What makes a curse word?

Discussion in 'Linguistics' started by visceral_instinct, Jul 31, 2009.

  1. visceral_instinct Monkey see, monkey denigrate Valued Senior Member


    Why is 'poo' merely childish, 'feces' formal, and 'shit' not suitable to be uttered in polite company?

    Harsh sound?

    Etymological origin?
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  3. mathman Valued Senior Member

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  5. visceral_instinct Monkey see, monkey denigrate Valued Senior Member

    I know, but why? What are the criteria for a curse word?

    Why did we as a society decide that poo or manure are acceptable words, but shit is a rude one?
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  7. parmalee peripatetic artisan Valued Senior Member

    Whyare you so obsessed with matters pertaining to orifices? First vaginas, then "anal," now poop!

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  8. mike47 Banned Banned

    Adults should be able to use any words with other adults . I see no problem .
  9. Asguard Kiss my dark side Valued Senior Member

    VI i think your probably right with the sound idea. All swear words have a curt "agressive" sound and are one syllable (except bastard for some reason)
  10. StrangerInAStrangeLand SubQuantum Mechanic Valued Senior Member


    Some profanity originated with the upper class condemning aspects of lower class language. Some originated with actual cursing. To damn someone is to condemn them. Some came from religion & other subjective morality. Bastard is profanity due to the absurd cruel belief there is something inherently wrong with a baby born out of wedlock. Some results from people desiring to hide from some aspects of reality.
    Different words, ideas & deeds are deemed profane by different societies & at different times. Some words once considered profane by most are not now & vice versa.
    Shit is no more curt, aggressive or harsh than poo except due to the ridiculous belief that 1 is a nice word & the other is nasty.
    1 person's profanity is another's slang.

    As recent as 2 years ago, someone was bitching to me that bastards should be banned from government.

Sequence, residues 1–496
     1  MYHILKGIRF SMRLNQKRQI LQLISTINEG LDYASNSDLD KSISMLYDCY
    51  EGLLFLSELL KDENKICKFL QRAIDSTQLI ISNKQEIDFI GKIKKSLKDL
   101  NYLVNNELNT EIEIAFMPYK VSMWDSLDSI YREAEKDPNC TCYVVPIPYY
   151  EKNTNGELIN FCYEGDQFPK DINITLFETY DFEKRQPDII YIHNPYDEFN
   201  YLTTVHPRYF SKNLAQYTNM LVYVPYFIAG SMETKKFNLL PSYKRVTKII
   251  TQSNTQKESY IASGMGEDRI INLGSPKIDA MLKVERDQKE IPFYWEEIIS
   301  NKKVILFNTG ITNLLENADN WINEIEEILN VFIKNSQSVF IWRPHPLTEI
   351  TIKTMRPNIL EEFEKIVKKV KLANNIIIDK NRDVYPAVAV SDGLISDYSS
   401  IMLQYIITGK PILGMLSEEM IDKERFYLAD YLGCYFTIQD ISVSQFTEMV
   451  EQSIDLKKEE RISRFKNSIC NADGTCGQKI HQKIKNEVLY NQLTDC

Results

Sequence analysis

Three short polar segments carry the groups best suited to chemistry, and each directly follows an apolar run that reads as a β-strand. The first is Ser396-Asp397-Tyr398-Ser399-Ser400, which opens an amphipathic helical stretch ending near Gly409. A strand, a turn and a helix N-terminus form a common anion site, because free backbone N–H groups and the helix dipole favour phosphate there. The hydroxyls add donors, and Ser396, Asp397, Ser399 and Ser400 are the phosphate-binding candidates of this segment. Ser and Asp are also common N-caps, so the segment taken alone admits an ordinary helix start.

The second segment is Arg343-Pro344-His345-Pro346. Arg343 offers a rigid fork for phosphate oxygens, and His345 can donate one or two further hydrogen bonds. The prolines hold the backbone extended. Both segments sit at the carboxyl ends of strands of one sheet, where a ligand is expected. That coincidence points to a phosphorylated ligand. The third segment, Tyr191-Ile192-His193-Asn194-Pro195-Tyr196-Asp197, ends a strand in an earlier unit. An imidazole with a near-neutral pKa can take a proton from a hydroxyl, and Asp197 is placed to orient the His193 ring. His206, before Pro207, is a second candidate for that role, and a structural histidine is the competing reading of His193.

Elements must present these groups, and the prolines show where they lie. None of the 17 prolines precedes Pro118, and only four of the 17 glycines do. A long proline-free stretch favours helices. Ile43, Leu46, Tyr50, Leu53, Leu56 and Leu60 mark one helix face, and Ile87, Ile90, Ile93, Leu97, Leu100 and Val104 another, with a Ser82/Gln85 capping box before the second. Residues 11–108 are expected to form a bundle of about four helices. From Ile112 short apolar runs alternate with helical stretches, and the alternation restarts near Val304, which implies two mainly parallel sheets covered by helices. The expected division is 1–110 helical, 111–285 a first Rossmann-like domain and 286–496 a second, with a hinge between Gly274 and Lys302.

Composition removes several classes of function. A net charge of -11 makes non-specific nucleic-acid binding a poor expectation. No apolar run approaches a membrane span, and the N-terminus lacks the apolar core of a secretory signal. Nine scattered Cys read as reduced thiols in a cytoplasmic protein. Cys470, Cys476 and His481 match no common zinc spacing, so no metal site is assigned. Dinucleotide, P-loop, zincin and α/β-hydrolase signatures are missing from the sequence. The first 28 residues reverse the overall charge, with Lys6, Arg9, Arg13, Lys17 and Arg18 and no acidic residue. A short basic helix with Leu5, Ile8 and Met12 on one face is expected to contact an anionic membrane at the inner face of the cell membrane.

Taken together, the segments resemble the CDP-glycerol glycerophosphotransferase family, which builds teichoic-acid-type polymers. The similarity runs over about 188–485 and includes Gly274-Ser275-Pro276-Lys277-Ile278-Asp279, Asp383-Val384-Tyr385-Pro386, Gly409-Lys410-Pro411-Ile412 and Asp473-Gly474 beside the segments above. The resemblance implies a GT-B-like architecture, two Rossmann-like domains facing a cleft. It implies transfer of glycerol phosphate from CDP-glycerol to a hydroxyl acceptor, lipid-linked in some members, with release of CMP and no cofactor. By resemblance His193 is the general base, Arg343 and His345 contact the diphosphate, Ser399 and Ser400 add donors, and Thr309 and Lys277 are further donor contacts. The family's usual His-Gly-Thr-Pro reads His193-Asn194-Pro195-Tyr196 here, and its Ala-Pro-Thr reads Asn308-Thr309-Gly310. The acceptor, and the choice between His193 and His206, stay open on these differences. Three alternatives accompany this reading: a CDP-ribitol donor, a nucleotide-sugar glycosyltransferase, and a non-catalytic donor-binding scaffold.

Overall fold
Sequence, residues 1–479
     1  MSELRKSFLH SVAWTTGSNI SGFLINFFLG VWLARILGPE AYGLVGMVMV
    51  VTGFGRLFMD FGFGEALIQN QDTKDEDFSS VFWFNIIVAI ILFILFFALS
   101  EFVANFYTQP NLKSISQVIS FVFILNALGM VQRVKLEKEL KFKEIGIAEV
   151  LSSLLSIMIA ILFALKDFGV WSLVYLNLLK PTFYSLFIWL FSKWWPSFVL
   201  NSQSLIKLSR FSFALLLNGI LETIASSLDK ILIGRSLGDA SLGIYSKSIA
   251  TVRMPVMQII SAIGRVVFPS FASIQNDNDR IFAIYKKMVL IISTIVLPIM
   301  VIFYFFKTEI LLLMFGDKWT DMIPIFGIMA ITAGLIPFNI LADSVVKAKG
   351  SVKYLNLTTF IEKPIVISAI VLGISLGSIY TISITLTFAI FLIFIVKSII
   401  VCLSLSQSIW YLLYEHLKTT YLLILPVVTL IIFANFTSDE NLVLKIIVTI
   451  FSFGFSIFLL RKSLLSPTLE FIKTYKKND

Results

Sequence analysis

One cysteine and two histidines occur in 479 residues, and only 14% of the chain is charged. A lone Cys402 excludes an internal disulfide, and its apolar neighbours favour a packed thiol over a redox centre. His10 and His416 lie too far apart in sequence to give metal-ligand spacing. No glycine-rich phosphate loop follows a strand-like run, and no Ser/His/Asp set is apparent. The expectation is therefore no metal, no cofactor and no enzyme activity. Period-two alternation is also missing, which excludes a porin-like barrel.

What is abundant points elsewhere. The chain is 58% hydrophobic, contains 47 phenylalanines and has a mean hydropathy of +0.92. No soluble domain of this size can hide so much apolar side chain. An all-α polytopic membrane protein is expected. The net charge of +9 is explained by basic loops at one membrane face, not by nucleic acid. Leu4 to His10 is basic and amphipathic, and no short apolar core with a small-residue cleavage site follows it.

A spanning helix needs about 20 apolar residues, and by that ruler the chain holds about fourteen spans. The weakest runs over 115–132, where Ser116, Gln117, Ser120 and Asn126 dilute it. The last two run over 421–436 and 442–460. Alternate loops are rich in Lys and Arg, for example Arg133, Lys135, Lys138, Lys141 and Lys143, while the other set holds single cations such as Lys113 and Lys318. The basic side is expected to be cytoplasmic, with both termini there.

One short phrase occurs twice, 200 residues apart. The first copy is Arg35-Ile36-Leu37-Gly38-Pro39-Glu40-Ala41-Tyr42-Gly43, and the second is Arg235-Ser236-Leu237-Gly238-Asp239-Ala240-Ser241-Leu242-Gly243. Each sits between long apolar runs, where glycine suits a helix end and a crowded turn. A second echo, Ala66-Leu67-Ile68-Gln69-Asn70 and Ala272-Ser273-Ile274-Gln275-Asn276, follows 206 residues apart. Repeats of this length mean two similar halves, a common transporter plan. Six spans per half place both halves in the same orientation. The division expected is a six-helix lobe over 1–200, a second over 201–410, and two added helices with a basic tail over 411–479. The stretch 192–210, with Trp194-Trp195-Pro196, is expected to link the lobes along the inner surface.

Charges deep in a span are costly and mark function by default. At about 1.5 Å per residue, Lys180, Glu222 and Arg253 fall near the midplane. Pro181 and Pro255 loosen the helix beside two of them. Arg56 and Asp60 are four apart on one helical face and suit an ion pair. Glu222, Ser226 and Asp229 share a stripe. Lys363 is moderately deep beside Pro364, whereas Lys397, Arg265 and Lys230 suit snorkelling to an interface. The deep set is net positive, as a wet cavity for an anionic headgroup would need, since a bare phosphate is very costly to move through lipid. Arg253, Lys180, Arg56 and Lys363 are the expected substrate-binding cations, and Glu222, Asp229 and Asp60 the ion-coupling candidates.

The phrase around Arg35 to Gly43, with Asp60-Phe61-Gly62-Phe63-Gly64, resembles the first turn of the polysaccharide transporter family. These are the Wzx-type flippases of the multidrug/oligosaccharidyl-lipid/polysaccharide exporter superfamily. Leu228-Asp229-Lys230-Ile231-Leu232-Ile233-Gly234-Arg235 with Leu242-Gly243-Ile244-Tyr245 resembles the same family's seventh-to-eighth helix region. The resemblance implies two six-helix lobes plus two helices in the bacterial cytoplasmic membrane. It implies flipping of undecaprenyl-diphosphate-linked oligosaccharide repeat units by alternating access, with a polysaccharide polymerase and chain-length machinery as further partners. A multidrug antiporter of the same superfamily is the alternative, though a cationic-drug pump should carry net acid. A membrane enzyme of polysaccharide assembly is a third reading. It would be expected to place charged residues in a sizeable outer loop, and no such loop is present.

Last edited by a moderator: Jul 31, 2009
  11. visceral_instinct Monkey see, monkey denigrate Valued Senior Member


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  12. Delphi Registered Senior Member

    That's pretty accurate; no one thing makes a word profane, but rather a combination of several--whether it be religious, moral, or socioeconomic.

    To exemplify this further I recently read a list of swear words (about 30) ranked by their severity the BBC hands to persons to let them know what they can't say. The list was based on vote by populace, but it was very obvious that it was the UK that was polled, not the US or some other country, because "cunt" was first in severity on that list, and words like "spastic" and others that nobody would consider profane in the States were on that list.

    Basically, a word may become profane in many different ways, but it's ultimately up to the culture to determine what is profane, how it ranks in severity, and how long it stays a bad word.
  13. River Ape Valued Senior Member

    [censuré au Québec] TABERNAC! [/censuré au Québec]
    Pourquoi? Expliquez svp!

    Rudest known Armenian insult.

    Younger son of Sweyn Forkbeard.

    Random thoughts from the mind of River Ape.
  14. Fraggle Rocker Staff Member

    I'll bet that "cunt" would top the list in the U.S. too. It isn't tossed around here quite so much, but when it is used it is a real jaw-dropper. Ironically "pussy" is used with a quite different meaning and it's become almost respectable.

    But the words that are the most taboo in America are racist epithets, words I won't even write here.
    "Retarded" is starting to be considered intolerably offensive in the U.S. It's now considered unacceptable to speak cruelly about a medical disability someone was born with, or even to use the word as a generic insult.